I was pleased to see Gary Dale (Is there any value in structured products?) publishing performance numbers for his firm’s structured deposits and investments on this web site last week, especially as the numbers demonstrated positive returns, both in absolute and relative terms to deposit rates.
One of the long held criticisms of structured investments is that the pricing and performance numbers are not published in places that are easily accessed, or are accessed at all.
The people making these arguments often overlook structured funds which are required to provide investors with prices and performance.
This web site www.structuredretailproducts.com publishes performance data for the UK and it makes interesting reading. The average annualised return for matured structures striking in the five year period from December 2007 to the end of 2012 was 6.95%.
Perhaps not surprisingly, non-capital protected investments such as “kickouts” performed the best. They offer attractive returns and tend to perform well in stable or gently rising markets, offering equity-like returns that reward investors for putting their capital at risk – but may cap their upside. For the same reason, they tend to be more tax efficient too. According to SRP, non-capital protected products striking over the five years to 2012 delivered an average of 9.35% per annum. I realise that this is not a straightforward way of measuring performance, but it is a useful starting point.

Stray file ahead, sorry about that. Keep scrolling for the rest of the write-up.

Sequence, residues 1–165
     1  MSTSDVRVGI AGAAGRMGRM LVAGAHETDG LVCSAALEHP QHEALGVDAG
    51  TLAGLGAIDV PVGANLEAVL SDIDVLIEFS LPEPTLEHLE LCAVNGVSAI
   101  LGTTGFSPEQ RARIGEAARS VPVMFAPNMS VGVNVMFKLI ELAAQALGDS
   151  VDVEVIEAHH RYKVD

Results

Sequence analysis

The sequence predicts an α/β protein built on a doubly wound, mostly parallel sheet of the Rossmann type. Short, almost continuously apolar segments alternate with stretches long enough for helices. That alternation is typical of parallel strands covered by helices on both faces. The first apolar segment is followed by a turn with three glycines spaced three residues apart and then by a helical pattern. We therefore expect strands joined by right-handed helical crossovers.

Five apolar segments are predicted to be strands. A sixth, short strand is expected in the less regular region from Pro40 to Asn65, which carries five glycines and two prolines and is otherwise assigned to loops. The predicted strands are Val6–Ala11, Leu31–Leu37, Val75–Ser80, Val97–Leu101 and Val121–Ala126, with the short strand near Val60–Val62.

Structures offering protection of 100% or more of the holder’s capital did not do as well. This is not surprising when you consider that purchasers are taking the same capital risk as deposit holders. According to the SRP, capital-protected products striking over the five years to 2012 returned an average of 3.21% per annum, which is still better than many deposit rates over the period during which base rate was cut to 0.50%.
These figures are measured across all providers who supplied data to measure performance, all underlying markets and all payoffs. Hence, there will be issuers who perform better and others who are not as good. This is true of any industry average.
One important question is what the benchmark for success or failure is -is it cash deposit rates or equity index returns; should it be price returns or total returns? I suspect the answer will depend as always on the client.
People who want capital protection and who may be investing away from cash for the first time may prefer deposit rates. While equity investors may be more comfortable with index returns, they are more likely to value capital protection (soft or hard) when stock markets are falling – realising that they have avoided the alternative, which would have been the loss of capital.
If we follow the fund management industry, the answer may lie in league tables, breaking the performance of providers and products into quartiles. I am not a big fan of measuring performance relative to competitors, as most people want absolute performance. However, this is the standard of the investment industry as a whole.
Firms have shown a willingness to publish price and performance information and Investec is a good example. However, until the industry as a whole embraces the concept, structured investments will still be viewed as the new kid on the block! We need more performance data, please!